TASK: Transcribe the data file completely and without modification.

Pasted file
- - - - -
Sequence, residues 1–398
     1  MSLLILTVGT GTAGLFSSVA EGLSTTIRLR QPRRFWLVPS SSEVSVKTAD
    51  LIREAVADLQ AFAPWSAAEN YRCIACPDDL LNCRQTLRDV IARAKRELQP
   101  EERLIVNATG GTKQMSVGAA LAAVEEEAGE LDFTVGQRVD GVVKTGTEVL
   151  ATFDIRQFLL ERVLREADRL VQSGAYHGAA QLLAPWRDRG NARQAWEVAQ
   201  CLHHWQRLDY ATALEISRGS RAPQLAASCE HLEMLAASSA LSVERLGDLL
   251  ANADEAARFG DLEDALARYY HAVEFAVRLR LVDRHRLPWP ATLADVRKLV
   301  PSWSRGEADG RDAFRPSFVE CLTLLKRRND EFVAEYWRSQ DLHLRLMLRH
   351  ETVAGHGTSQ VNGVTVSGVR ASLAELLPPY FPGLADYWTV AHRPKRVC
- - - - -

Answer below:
Sequence, residues 1–398
     1  MSLLILTVGT GTAGLFSSVA EGLSTTIRLR QPRRFWLVPS SSEVSVKTAD
    51  LIREAVADLQ AFAPWSAAEN YRCIACPDDL LNCRQTLRDV IARAKRELQP
   101  EERLIVNATG GTKQMSVGAA LAAVEEEAGE LDFTVGQRVD GVVKTGTEVL
   151  ATFDIRQFLL ERVLREADRL VQSGAYHGAA QLLAPWRDRG NARQAWEVAQ
   201  CLHHWQRLDY ATALEISRGS RAPQLAASCE HLEMLAASSA LSVERLGDLL
   251  ANADEAARFG DLEDALARYY HAVEFAVRLR LVDRHRLPWP ATLADVRKLV
   301  PSWSRGEADG RDAFRPSFVE CLTLLKRRND EFVAEYWRSQ DLHLRLMLRH
   351  ETVAGHGTSQ VNGVTVSGVR ASLAELLPPY FPGLADYWTV AHRPKRVC